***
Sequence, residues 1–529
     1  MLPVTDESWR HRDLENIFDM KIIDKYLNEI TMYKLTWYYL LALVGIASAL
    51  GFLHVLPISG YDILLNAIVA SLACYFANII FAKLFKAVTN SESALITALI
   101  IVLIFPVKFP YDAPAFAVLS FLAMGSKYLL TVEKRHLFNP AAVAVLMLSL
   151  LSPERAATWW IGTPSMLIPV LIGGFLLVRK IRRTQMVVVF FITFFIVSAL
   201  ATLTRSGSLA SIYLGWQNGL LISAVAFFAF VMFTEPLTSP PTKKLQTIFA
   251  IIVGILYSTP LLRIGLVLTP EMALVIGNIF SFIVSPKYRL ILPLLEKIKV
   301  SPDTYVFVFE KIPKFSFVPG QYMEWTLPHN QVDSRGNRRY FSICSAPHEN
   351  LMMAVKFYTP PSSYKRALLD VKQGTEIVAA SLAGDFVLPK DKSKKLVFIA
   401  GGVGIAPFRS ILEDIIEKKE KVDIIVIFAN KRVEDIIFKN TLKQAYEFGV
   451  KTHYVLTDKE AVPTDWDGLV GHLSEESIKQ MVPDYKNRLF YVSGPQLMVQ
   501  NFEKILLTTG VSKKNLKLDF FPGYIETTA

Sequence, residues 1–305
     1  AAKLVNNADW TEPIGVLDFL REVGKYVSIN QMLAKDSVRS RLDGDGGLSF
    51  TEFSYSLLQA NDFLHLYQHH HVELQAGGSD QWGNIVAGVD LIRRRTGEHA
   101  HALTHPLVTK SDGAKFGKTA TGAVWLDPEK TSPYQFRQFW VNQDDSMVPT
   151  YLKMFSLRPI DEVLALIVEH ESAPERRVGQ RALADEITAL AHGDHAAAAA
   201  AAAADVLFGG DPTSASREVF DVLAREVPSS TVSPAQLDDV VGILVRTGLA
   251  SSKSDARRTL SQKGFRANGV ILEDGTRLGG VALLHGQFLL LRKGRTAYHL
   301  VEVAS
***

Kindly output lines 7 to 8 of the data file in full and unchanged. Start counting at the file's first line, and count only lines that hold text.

   251  IIVGILYSTP LLRIGLVLTP EMALVIGNIF SFIVSPKYRL ILPLLEKIKV
   301  SPDTYVFVFE KIPKFSFVPG QYMEWTLPHN QVDSRGNRRY FSICSAPHEN